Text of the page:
A nurse working in a hostile environment can feel stress and overwhelmed, which can lead to an altered emotional state. Blevins (2015) reports in Impact of Incivility in Nursing that nurses working in this type of environment can “experience stress-related disorders and physical illness” which can decrease work attendance. A nurse or healthcare provider providing patient care in this emotional state can turn their negative feelings into uncivil behavior toward the patient or miss something critical to patient care, leading to patient harm or death. For example, if a nurse is upset about being disrespected from a fellow healthcare worker the nurse might turn her emotions on the patent by not asking the right assessment questions, or writing off a critical detail the patient is reporting. Incivility can also reach the patient level when a nurse is afraid to ask questions regarding patient care to the charge nurse as a result of recent bullying.
The symptoms can cause more severe symptoms if ignored or untreated. Some caregivers may use denial or avoiding to push the emotions away. (Alzheimer 's Foundation of America - What is Dementia, 2016) Depression is commonly seen in caregivers of Dementia clients. Depression is able to break the spirit of coping with the anxiety and stress that comes from caregiving. There is a link between that greater levels of caregiver burden and depression.
Nurses are not able to advocate for their patients. Therefore, it is not a safe environment while even nurses’ attempt to fix it did not make any difference. “Acquiescing and accepting unsafe or inappropriate practices, even if the individual does not participate in the specific practice, is equivalent to condoning unsafe practice. Nurses should not remain employed in facilities that routinely violate patient rights or require nurses to severely and repeatedly compromise standards of practice or personal morality” (code of ethics, 2011). Since in this case nurses might have a hard time finding another hospital in their community, they should find another solution instead of quitting their job in this
The complexity of dementia presents a number of behavioural challenges to those who live with dementia and their care providers. Aggressive behaviour seems to be one of the most prevalent challenging behaviours in the different stages of dementia (Weitzel et al 2011). As acute care settings are not the best places for people afflicted with dementia , it is necessary to empower the hospitalised people with dementia and their family members. As nurses are often the central core of care, they should have the potential of positive long-term effect on the lives of people with dementia (Harrison-Dening 2013). Inadequate training, lack of specialised education, negative attitudes and poor practice development can precipitate a failure in the delivery of high-quality care for the hospitalised dementia people (Chater & Hughes 2012).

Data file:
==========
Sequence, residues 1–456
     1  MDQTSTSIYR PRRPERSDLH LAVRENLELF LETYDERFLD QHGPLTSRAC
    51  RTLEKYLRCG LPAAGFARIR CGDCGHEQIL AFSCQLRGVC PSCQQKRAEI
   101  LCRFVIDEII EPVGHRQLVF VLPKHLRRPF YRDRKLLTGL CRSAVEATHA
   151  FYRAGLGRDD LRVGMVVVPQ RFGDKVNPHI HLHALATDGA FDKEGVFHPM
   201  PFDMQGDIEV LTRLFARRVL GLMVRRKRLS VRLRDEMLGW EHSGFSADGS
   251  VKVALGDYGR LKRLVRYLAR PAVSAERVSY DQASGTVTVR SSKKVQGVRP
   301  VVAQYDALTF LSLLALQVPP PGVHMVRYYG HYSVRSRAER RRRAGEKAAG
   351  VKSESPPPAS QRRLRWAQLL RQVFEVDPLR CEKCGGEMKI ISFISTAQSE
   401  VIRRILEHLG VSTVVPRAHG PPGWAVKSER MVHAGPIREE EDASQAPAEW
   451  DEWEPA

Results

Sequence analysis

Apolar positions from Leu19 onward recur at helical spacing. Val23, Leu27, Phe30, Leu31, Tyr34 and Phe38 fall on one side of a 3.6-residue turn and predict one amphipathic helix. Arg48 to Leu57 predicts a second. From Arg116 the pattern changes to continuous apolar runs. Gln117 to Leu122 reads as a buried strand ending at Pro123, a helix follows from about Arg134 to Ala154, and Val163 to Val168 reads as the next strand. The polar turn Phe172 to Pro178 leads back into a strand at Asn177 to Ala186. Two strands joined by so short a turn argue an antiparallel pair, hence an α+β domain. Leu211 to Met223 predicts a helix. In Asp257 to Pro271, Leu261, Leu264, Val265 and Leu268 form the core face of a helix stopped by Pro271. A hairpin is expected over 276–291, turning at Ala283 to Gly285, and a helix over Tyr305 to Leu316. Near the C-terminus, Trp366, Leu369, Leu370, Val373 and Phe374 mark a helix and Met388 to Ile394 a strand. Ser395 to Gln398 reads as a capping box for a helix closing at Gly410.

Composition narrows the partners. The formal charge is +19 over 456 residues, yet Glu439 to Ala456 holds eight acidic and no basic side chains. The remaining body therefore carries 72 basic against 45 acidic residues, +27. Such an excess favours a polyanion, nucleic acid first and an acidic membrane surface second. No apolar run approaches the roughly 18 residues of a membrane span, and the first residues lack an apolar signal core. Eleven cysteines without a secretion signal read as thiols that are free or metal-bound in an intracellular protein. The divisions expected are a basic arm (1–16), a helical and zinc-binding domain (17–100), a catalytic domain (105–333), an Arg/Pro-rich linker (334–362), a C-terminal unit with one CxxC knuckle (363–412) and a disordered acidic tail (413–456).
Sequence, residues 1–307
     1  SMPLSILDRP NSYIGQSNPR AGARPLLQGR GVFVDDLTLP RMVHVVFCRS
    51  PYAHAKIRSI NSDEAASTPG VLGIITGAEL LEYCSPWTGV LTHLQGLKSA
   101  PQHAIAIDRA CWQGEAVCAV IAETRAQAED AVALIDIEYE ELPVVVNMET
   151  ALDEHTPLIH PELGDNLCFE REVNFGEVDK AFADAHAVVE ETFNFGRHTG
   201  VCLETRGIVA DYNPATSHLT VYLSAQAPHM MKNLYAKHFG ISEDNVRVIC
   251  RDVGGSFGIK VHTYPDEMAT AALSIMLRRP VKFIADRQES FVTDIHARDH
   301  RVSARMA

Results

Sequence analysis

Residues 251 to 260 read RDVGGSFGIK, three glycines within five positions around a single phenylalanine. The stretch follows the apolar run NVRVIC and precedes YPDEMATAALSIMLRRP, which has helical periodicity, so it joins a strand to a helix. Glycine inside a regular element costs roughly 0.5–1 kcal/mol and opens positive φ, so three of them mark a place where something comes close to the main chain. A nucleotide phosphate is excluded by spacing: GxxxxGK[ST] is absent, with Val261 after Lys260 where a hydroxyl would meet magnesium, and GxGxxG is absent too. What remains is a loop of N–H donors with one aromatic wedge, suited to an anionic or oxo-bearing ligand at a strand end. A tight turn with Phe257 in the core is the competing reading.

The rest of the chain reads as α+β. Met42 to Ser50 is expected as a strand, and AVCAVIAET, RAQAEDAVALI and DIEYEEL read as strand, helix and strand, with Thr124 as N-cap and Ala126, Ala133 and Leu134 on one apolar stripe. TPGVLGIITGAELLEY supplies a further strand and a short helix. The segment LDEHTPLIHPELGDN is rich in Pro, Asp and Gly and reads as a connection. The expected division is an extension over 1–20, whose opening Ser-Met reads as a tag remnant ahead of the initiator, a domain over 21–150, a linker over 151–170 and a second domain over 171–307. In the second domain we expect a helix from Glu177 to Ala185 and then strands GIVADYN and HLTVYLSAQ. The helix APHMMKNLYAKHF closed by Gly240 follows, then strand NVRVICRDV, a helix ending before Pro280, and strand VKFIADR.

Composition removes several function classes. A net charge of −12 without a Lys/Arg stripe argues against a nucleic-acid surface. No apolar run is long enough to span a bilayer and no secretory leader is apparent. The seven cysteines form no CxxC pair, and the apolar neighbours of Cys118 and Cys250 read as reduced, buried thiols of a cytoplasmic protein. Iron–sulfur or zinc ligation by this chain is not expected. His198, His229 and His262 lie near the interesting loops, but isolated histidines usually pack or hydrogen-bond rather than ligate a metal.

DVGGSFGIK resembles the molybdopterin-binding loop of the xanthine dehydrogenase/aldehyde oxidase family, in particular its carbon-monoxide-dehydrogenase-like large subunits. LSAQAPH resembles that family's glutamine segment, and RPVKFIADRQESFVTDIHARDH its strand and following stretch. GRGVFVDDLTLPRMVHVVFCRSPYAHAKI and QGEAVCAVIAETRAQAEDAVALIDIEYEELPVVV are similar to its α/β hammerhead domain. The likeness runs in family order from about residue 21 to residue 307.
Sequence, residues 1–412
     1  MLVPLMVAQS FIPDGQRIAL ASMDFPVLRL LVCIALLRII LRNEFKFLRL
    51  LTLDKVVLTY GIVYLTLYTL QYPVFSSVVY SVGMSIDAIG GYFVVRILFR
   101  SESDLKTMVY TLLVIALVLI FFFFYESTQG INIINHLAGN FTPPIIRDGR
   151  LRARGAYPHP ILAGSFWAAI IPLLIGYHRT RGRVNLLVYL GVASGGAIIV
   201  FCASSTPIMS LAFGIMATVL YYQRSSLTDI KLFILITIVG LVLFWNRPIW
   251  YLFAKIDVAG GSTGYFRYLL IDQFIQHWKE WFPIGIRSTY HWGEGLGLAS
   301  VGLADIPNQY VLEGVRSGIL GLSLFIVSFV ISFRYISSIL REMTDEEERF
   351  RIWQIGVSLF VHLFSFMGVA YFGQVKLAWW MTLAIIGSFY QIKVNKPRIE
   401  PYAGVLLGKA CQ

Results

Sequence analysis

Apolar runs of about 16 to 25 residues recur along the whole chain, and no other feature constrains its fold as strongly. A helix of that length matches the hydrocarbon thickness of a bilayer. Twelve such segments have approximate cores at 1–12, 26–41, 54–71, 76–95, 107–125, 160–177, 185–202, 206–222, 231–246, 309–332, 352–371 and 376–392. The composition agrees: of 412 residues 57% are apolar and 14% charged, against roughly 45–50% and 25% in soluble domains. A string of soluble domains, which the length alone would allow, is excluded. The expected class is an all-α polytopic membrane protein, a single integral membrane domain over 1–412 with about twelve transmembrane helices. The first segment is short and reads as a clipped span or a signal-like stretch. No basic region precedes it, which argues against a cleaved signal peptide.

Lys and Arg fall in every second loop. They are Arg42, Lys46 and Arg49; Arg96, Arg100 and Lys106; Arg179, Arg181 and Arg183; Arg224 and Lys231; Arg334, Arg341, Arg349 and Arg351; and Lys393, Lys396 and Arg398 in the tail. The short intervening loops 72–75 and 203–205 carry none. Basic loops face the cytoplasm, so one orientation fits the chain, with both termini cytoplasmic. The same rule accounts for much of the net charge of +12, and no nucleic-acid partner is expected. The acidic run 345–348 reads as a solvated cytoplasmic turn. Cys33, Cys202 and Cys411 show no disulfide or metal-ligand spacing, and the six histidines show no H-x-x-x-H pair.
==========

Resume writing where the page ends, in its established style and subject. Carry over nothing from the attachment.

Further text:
Dementia and Delirium are perplexing conditions both to differentiate and experience. Dementia is a progressive intellectual function and other cognitive skills decline condition which results to a decline in an individual’s performance of their daily activities. Unlike dementia, delirium also known as acute confusional state is an acute medical condition which results in confusion and other disruptions in a person’s thinking and behavior including attention, activity level and perception. It is very important to distinguish between the two conditions because, delirium can be found in a person that already has dementia. A study done by Fick and Mion (2008) indicated that, about 22% of adults with dementia develop delirium.
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Journal of Gerontological Nursing, 34(5), 19-24. Social support. (2010, September 1). Retrieved from http://www.takingcharge.csh.umn.edu/explore-healing-practices/social-support White, A. M., Philogene, S. G., Fine, L., & Sinha, S. (2009). Social support and self reported health status of older adults in the United States.
(2004) Fuszard’s innovative teaching strategies in nursing. 3rd edn. Sudbury, MA: Jones and Bartlett Publishers. Matiti, M. and Trorey, G. (2008). Patients’ expectations of the maintenance of their dignity.
Improving medication management for older adult clients. Iowa City (IA): University of Iowa College of Nursing, John A. Harford Foundation Center of Geriatric Nursing Excellence; 2012 May. 31 p. [117 references]. Retrieved from http://www.guideline.gov/content.aspx?id=37826 Hanlon, J. T., Schmader, K. E., Ruby, C. M., & & Weinberger, M. (2001). Suboptimal prescribing in older inpatients and outpatients.
The nurse may face unreasonable workloads from the acuity of the patients, behavioural issues, elopement risks and the patient nurse ratio. As a result of these situations ultimately leaves the nurse in an ethical dilemma when it comes to the use of physical restraints. Unfortunately, they may feel that this is the only option to manage patient safety during times of increased workloads or being under staffed. Researchers suggest the nurses experiences with ethical issues lead to moral distress through patient and family behaviours, nursing shortages, and unrealistic expectations of care(Oh & Gastmans, 2015). Unresolved moral distress can result in the loss of concentration of the nurse when making ethical decisions that ultimately have a negative impact on how they think, feel and make future decisions.